How to Dehydrate Anything

Dehydrating your own backpacking food opens up a world of gourmet possibilities for fueling up on the trail. Here's how to make your favorite foods backcountry-friendly with advice from Good To-Go founder Jennifer Scism.
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Dehyrdate veggies to add a burst of freshness to your camp meals.

Dehyrdate veggies to add a burst of freshness to your camp meals.

Whether you’re packing snacks for a dayhike or DIY-ing all your own food for a thru-hike, dehydrating at home is a great way to customize your menu, meet your taste and dietary needs, and exercise your culinary creativity. Plus, removing the water from foods not only makes them lighter and more packable, but they will last longer and be more resilient when stuffed in a backpack.

Dehydrating at home may sound intimidating, but it’s a lot easier than people realize. Most of the time, all it takes is a store-bought dehydrator (at BACKPACKER, we love this one from Nesco) or your oven, if the temperature goes down to 200 degrees and you prop the door open, and a little creativity.

Jennifer Scism is the head chef and co-founder of Good To-Go, which she established in an effort to bring delicious and healthy meals into the backcountry. Her advice for beginner dehydrators? “Think of an idea, put it on a tray, and see what happens.”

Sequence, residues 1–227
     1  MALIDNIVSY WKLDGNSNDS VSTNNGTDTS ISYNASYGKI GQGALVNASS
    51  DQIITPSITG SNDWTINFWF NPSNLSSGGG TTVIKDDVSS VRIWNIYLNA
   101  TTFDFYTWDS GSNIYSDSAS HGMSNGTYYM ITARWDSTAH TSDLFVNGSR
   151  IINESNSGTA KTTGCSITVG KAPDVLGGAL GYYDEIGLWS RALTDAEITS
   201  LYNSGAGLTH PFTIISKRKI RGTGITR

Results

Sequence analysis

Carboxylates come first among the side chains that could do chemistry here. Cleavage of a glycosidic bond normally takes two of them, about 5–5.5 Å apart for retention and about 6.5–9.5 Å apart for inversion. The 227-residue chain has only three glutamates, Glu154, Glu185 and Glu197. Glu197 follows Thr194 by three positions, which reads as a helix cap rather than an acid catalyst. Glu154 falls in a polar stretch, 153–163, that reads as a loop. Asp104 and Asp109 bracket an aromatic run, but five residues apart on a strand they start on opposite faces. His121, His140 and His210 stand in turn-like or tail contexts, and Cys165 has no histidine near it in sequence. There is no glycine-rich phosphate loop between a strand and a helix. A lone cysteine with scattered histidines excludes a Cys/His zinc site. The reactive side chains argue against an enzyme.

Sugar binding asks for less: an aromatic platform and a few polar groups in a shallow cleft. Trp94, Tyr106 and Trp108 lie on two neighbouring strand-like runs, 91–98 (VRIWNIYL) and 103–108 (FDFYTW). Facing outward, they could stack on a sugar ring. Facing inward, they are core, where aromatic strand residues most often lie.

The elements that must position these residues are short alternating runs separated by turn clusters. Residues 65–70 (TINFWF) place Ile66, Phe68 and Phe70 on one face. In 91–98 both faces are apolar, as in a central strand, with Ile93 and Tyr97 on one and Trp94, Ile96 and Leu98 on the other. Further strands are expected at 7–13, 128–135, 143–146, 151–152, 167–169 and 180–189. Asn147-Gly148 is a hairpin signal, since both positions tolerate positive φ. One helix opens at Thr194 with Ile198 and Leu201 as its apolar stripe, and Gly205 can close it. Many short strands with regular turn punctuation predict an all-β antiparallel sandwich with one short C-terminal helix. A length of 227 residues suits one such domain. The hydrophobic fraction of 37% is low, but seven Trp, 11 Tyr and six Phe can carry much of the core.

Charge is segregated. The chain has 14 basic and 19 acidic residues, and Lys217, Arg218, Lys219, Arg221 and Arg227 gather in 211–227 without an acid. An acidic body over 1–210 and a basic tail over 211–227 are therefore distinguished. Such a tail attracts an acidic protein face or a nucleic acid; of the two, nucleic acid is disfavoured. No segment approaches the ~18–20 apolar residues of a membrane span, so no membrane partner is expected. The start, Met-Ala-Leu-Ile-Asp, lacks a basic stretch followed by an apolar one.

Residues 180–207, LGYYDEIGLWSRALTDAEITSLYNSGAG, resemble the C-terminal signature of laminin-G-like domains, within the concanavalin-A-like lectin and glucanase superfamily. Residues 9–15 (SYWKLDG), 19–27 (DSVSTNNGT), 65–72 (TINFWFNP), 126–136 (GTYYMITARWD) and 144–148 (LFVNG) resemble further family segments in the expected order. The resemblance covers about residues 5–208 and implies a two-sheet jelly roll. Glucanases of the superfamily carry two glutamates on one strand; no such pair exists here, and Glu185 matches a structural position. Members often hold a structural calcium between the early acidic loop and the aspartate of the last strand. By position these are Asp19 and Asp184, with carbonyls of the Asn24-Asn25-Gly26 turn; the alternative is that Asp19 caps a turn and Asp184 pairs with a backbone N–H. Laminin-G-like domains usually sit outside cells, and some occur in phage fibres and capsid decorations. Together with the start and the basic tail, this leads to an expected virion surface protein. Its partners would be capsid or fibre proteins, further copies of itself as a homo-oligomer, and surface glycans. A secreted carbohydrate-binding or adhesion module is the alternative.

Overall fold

Good To-Go founder Jennifer Scism at the farmers market.

Good To-Go founder Jennifer Scism at the farmers market.

For Scism, cooking up a great dehydrated meal starts with a simple question: Will this dry out well? “Will sushi dry well? No, that’s disgusting,” she says. But most other meals will.

Once you have an idea, cook the meal as you normally would, then try dehydrating the whole thing. “It won’t work,” says Scism, since different foods dehydrate differently when subjected to the same temperature. But the process will allow you to analyze the recipe by looking at each individual ingredient. Notice the components that didn’t work, and then try dehydrating them individually or finding replacement ingredients. By repeating and refining this process, you'll eventually reach a method that works.

In addition to experimentation, a baseline knowledge of how to dehydrate different types of foods is key to whipping up and successfully drying out your favorite recipes. Use these rules of thumb as you experiment in the kitchen.

Vegetables and Fruits

One of the big questions to ask when dehydrating veggies is whether they should start fresh or frozen. According to Scism, freezing vegetables breaks down the cellular structure in a way similar to cooking. For soups or stews, dehydrating carrots, for example, that were previously frozen will result in a soft texture, similar to regular cooked carrots. On the other hand, fresh carrots will feel more firm and fresh once rehydrated, making them better for snacking. Before choosing and dehydrating your ingredients, consider what texture you’re going for in the end. For a favorite of Scism’s, try dehydrating mashed potatoes, which turn flaky are a quick and tasty dish on their own or a good binding agent in other meals.

Fruits are some of the more popular items to dehydrate and make for great snacks because they usually don’t need rehydration—just eat them as-is. Scism particularly likes pineapples and mangos, mostly for their non-rubbery texture. Our apologies to avocado fans, though—high-fat foods like this don’t dehydrate well and they go bad fast.